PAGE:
Bush's family has a strong oil background. So are some of his
top aides. From the U.S. Vice President Dick Cheney, through the
director of the National Security Council Condoleeza Rice, to the
Ministers of Commerce and Energy, Donald Evans and Stanley
Abraham, all have for long worked for U.S. Oil companies.
Cheney was until the end of last year president of Halliburton,
a company that provides services for oil industry; Rice was
between 1991 and 2000 manager for Chevron; Evans and Abraham
worked for Tom Brown, another oil giant.
Besides the secret negotiations held between Washington and
Kabul and the importance of the oil industry, the book takes issue
with the role played by Saudi Arabia in fostering Islamic
fundamentalism, in the personality of bin Laden, and with the
networks that the Saudi dissident built to finance his activities.
Brisard and Dasquie contend the U.S. Government's claim that it
had been prosecuting bin Laden since 1998. ''Actually,'' Dasquie
says, ''the first state to officially prosecute bin Laden was
Libya, on the charges of terrorism.''
''Bin Laden wanted settle in Libya in the early 1990s, but was
hindered by the government of Muammar Qaddafi,'' Dasquie claims.
''Enraged by Libya's refusal, bin Laden organized attacks inside
Libya, including assassination attempts against Qaddafi.''
Dasquie singles out one group, the Islamic Fighting Group
(IFG), reputedly the most powerful Libyan dissident organization,
based in London, and directly linked with bin Laden.
''Qaddafi even demanded Western police institutions, such as
Interpol, to pursue the IFG and bin Laden, but never obtained co-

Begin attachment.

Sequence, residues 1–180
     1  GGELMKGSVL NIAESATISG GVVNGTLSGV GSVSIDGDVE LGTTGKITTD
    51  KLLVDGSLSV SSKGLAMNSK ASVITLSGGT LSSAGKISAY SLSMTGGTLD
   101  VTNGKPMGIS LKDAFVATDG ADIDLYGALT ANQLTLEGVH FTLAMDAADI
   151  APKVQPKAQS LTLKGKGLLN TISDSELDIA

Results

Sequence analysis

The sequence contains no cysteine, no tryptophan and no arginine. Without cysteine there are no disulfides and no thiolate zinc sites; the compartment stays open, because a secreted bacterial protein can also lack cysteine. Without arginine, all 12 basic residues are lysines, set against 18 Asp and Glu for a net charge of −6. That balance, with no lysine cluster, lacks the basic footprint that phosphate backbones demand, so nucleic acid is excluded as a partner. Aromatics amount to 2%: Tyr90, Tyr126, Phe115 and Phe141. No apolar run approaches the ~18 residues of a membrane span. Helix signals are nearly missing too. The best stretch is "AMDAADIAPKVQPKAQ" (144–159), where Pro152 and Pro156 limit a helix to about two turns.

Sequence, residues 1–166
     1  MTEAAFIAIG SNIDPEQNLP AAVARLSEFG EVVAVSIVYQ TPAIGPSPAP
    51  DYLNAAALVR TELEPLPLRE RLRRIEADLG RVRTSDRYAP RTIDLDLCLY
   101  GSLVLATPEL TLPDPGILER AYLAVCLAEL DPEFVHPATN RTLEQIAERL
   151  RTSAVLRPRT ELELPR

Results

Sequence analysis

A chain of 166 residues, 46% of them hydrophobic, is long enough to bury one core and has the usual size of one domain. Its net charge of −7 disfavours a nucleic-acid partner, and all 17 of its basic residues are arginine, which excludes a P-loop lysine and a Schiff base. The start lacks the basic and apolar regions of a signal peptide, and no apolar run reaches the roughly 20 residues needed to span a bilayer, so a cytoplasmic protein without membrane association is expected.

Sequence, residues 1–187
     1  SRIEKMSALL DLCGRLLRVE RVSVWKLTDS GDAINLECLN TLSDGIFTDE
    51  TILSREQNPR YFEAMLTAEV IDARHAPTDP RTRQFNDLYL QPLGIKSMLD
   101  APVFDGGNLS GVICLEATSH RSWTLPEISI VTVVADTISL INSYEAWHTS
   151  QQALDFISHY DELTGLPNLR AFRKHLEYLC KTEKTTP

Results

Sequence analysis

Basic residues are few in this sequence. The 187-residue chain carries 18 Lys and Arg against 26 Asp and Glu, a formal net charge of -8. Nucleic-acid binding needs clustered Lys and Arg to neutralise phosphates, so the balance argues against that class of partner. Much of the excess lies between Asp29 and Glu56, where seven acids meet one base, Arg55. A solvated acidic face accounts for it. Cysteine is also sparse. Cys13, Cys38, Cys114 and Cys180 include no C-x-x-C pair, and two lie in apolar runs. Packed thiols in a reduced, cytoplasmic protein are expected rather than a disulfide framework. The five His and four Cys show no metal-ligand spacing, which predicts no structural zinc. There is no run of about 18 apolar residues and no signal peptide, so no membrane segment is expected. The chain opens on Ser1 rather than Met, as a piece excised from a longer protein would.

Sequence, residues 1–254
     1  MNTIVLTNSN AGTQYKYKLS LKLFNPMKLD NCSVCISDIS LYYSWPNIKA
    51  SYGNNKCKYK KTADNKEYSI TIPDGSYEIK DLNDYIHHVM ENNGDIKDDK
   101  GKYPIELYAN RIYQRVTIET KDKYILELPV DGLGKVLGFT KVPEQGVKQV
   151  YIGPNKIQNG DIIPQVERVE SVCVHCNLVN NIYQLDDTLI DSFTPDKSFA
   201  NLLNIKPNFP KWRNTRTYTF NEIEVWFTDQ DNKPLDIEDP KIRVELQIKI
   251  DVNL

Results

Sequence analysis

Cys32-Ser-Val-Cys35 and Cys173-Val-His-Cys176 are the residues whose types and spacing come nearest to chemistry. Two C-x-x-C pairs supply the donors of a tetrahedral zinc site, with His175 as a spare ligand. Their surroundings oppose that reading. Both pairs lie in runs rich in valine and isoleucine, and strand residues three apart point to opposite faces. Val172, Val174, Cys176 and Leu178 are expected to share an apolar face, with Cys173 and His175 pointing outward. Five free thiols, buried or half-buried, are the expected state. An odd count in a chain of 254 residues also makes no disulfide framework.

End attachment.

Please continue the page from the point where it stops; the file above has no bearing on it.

operation,'' Dasquie says. ''Until today, members of IFG openly
live in London.''
The book confirms earlier reports that the U.S. Government
worked closely with the United Nations during the negotiations
with the Taliban.
''Several meetings took place this year, under the arbitration
of Francesc Vendrell, personal representative of UN secretary
general Kofi Annan, to discuss the situation in Afghanistan,''
says the book.
''Representatives of the U.S. Government and Russia, and the
six countries that border with Afghanistan were present at these
meetings,'' it says. ''Sometimes, representatives of the Taliban
also sat around the table.''
These meetings, also called ''6+2'' because of the number of
states (six neighbors plus U.S. And Russia) involved, have been
confirmed by Naif Naik, former Pakistani Minister for Foreign
In a French television news program two weeks ago, Naik said
during a ''6+2'' meeting in Berlin in July, the discussions turned
around ''the formation of a government of national unity. If the
Taliban had accepted this coalition, they would have immediately
received international economic aid.''
''And the pipe lines from Kazakhstan and Uzbekistan would have
come,'' he added.
Naik also claimed that Tom Simons, the U.S. representative at
these meetings, openly threatened the Taliban and Pakistan.
''Simons said, 'either the Taliban behave as they ought to, or
Pakistan convinces them to do so, or we will use another option'.
The words Simons used were 'a military operation','' Naik
Copyright © 2001 IPS-Inter Press Service